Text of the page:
Despite being fully aware of F.I.S.T.: Forged in Shadow Torch before its release, I had not anticipated it to have particularly noteworthy music. I was exceedingly surprised with the impression my initial listenings left me with; the soundtrack is full of powerful compositions of what I believe is called progressive rock with elements of cinematic orchestra and (possibly) some occasional flamenco folk.

Spoiler

 

Additionally, there's a few tracks that deviate from this general style and do something unique, not only contrasting but happening to be impressive compositions in their own light.

Spoiler

 

While I haven't much music theory concerning this feature, I think the quality of compositions testifies to itself this time.

Link to comment
Share on other sites

Rather than a full soundtrack feature, this week I'm just highlighting a single track that caught my attention. I've never watched a James Bond movie, but I imagine this is what the songs from that series sounds like.

Spoiler

I tend to be more critical of English songs, simply because the lyrical meaning is more immediately perceptible. Content and context are major components of this consideration; in this particular example, the song contextualizes itself.

I'm actually just stalling for a week while I work on a particularly difficult feature I've been putting off all year.

Link to comment
Share on other sites

At the beginning of this year, there was one and only one game I was anticipating the release of for its music. That game was Cyber Shadow. I had been anticipating it since before it was delayed from its initial late-2020 release into early-2021, ever since seeing its trailer. It seemed to be similar in style to The Messenger, one of my favorite soundtracks, with the promise of Jake Kaufman's assistance in production.

The game came out. The soundtrack didn't. At this point, I don't think it ever will.

I am committed to featuring this soundtrack before the year is over. However, the circumstances surrounding its availability combined with my lack of interest for the game itself makes it difficult to do it the justice it probably deserves. I've been hoping something would change, but I don't want to put this off any longer.

Spoiler

Arguably the best song in the game, Geothermal Towers (version 1?) is one of the only tracks to have a properly balanced standalone upload. Expect the other tracks in this feature to be of poor audio quality; if anyone would like to here a proper version, they are advised to locate the complete gamerip upload.

This was the track that attracted me to the game in the first place. The melody is strong, and it makes full use of its accompaniment without overcomplicating it. This sets the style of the composer (Enrique Martin, for anyone wondering) for the rest of the project.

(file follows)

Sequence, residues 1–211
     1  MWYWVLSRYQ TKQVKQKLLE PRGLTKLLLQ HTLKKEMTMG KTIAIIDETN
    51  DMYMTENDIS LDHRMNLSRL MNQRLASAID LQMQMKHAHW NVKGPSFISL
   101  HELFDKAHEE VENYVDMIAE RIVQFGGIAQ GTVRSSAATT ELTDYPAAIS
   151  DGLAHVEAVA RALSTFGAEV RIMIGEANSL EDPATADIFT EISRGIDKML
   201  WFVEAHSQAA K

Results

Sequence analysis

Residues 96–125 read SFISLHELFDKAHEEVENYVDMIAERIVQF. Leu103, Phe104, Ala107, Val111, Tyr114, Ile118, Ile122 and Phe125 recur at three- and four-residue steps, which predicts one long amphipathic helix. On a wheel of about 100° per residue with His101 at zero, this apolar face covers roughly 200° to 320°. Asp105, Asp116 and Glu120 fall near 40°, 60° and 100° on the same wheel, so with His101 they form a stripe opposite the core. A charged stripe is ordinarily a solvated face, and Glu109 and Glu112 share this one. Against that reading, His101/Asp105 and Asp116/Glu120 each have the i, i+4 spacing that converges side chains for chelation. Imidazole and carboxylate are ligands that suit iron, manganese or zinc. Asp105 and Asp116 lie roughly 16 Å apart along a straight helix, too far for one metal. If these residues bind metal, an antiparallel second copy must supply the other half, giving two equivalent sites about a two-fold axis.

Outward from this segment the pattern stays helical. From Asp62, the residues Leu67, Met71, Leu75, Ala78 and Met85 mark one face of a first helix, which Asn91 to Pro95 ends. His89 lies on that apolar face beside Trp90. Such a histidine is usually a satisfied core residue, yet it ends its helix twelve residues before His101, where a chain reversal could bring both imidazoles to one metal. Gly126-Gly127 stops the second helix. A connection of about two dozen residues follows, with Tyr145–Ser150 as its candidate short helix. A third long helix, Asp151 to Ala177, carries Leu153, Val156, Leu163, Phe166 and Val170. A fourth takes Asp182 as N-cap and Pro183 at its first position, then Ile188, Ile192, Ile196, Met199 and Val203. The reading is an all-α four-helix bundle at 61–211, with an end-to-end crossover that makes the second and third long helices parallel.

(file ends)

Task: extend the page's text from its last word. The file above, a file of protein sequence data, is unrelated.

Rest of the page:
Next is Reactor (version 3? I'm not really sure how this works . . .). Still a relatively simple track, but spreading its melody and counter-melodies across different layers to add dynamic progression.

I've included Outskirts Fauna (version 1) as a sort of contrast, this being a more low-energy piece to the high-energy of the previous tracks. This is accomplished without technically changing the dynamic quality; there are still the same number of layers, and it works off the same structure. Yet the difference in mood is evident nonetheless.

Finally, one of the boss battles in the game. I've gone with version 2 over version 1 simply to spread out the feature across the whole soundtrack; both versions use the same melody with only minute changes to the style (though the tone shift that results is well accomplished).

 

I could make a lot of comparisons from this soundtrack; the names Uematsu, Nishiki and even Shimomura occurred to me quite often, though never as particularly strong similarities. There's something very "classical VGM" about it, but in the sense of having been slightly modernized. Altogether, it's a good soundtrack, and I only wish it was more readily available.

Link to comment
Share on other sites

Create an account or sign in to comment

You need to be a member in order to leave a comment

Create an account

Sign up for a new account in our community. It's easy!

Register a new account

Sign in

Already have an account? Sign in here.

Sign In Now
 Share

  • Recently Browsing   0 members

    No registered users viewing this page.

×
×
  • Create New...

Important Information

We have placed cookies on your device to help make this website better. You can adjust your cookie settings, otherwise we'll assume you're okay to continue.